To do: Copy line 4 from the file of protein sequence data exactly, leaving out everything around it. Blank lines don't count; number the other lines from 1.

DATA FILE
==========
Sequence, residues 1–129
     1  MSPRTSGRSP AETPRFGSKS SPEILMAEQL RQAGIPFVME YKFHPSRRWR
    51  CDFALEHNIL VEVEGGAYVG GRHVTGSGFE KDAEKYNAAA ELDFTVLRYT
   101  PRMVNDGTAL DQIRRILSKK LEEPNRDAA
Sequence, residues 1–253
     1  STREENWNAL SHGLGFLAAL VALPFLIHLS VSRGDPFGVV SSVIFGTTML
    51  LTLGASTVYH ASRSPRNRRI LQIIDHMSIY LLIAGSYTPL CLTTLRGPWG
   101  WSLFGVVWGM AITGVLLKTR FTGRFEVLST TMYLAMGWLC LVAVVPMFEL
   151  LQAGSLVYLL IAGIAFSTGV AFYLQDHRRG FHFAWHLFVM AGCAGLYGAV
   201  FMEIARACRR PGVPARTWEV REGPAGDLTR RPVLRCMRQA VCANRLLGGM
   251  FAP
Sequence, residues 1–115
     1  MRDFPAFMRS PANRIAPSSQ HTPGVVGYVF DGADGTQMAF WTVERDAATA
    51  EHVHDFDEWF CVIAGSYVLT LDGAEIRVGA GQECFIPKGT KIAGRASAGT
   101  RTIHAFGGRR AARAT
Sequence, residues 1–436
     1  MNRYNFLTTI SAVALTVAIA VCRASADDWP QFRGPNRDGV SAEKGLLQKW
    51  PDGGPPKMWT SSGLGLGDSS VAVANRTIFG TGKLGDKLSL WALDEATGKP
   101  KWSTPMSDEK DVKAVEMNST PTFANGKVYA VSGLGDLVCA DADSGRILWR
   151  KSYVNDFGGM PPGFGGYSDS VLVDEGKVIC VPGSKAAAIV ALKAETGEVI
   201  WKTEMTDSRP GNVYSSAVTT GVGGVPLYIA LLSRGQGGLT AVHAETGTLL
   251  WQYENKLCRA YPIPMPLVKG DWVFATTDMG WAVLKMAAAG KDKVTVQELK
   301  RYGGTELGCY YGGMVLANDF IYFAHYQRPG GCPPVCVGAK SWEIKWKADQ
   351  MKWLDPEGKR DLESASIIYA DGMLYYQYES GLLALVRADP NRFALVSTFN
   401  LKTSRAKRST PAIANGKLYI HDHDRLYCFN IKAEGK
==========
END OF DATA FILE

   101  PRMVNDGTAL DQIRRILSKK LEEPNRDAA